• The availability of titles on Blu-ray is smaller than DVD. Depending on your circumstances, the stuff you want to watch may not be available.
  • Although not as great quality as Blu-ray, DVD image quality is not bad at all.

What is a PVR?

PVR stands for Personal Video Recorder. Sometimes also known as the DVR - or Digital Video Recorder. The device is, essentially, an evolution of the VCR - for the digital age, and is a sleek set-top box that uses a digital tuner and can often record in High Definition.

PVRs allows you the opportunity to record from multiple sources, the ability to schedule a whole seasons worth of programming, which even includes the intelligent capability to account for scheduling changes as well as other capabilities such as the ability to stream online content, order movies on demand and more.

The common feature to all PVRs is the in-built Hard Drive which is where you store the digital recording you've made from TV.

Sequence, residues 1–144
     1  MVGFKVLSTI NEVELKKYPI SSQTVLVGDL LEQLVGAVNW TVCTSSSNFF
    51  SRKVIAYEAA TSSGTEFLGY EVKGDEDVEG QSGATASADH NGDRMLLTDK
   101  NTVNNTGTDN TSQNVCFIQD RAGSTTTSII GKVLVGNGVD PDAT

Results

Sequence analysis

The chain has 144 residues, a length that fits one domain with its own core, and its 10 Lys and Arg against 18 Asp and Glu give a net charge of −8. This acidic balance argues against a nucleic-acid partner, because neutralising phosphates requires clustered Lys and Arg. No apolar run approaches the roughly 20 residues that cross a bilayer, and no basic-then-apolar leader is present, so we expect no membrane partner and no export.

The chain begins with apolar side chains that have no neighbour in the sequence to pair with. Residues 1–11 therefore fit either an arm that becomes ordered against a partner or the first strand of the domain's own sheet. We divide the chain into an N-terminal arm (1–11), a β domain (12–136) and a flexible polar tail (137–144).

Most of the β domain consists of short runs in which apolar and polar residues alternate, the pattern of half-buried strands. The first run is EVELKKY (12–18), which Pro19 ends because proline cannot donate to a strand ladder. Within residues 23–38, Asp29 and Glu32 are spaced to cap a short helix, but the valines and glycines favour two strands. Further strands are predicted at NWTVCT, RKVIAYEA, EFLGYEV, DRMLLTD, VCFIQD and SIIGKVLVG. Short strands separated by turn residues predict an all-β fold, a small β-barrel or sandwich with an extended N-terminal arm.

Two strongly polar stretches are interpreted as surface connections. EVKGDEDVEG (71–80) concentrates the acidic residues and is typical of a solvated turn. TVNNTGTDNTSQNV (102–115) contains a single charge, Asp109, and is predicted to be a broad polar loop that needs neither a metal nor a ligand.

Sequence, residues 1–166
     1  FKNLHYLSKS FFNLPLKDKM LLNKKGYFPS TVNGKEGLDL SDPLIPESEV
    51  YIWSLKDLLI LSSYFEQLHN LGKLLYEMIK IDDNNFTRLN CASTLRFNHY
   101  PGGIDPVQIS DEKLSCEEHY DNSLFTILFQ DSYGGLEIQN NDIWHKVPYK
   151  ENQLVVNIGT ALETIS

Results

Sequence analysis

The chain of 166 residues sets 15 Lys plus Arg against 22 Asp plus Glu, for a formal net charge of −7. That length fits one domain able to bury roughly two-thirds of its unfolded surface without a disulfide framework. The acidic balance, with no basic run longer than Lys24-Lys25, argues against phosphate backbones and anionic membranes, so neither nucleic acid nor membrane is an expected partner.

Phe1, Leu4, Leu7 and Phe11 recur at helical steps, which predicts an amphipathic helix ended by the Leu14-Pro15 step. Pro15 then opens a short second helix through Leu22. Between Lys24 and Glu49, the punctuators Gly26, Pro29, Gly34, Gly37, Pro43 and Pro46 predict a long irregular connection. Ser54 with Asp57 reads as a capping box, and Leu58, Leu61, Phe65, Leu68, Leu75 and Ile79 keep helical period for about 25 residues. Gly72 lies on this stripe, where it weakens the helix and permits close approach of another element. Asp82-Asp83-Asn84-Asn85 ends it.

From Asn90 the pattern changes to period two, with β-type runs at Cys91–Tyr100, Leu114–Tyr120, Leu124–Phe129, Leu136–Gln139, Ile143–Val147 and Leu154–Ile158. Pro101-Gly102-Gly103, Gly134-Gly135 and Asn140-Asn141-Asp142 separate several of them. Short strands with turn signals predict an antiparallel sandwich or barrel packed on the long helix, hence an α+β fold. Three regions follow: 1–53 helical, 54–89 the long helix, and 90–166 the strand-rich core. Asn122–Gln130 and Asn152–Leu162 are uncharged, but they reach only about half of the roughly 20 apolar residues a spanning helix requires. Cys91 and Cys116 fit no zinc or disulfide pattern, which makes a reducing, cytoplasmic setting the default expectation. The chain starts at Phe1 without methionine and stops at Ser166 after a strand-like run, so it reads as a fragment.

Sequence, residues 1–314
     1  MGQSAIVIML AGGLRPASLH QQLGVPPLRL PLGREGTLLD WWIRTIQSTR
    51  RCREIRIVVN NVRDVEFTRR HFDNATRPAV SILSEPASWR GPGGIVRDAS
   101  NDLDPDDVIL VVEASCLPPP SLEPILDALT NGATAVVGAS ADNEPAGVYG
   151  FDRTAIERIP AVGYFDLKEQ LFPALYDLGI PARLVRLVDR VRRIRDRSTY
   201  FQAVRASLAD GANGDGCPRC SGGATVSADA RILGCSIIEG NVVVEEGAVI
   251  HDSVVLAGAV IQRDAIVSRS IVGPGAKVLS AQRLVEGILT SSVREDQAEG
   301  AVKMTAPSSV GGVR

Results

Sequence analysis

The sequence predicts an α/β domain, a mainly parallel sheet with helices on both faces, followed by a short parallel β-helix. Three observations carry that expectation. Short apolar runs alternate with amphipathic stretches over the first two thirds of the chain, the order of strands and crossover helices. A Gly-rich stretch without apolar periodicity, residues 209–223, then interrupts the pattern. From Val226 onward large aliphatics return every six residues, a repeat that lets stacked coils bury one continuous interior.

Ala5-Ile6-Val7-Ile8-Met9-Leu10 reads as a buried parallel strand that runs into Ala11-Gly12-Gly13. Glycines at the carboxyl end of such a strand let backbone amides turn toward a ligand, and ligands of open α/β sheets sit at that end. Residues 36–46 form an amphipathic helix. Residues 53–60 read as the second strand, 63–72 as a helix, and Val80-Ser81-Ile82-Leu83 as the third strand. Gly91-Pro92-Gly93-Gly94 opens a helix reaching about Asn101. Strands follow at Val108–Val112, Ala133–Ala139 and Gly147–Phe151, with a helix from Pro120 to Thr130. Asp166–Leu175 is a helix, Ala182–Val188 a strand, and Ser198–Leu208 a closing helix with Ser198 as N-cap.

A hard drive has a number of advantages:

  • Improved recording quality
  • Timeshift capability. The ability to stop, play, pause and rewind live TV
  • Record more than one program at once
  • Some Smart TV have the ability to connect to the internet

The main disadvantage of a Hard Drive is that it only has so much memory to record to.

Electronic Program Guide

One of the great things about PVRs is that they come with an Electronic Program Guide or EPG. This appears on your screen as per a standard television guide.

It makes it easy to find the program you want to want to watch and set up a program of recording. You are even able to set up recording of a whole seasons worth of programming.

It can include information such as the scheduled start and end times for programs, program descriptions, actor info and more.

There are generally four types of PVRs:

  • DVD Player PVRs: come with an integrated DVD player. All DVD PVRs can record content to disc/DVD as well as the hard drive. They give you the advantage of being able to transfer recordings to DVD if you want to keep them.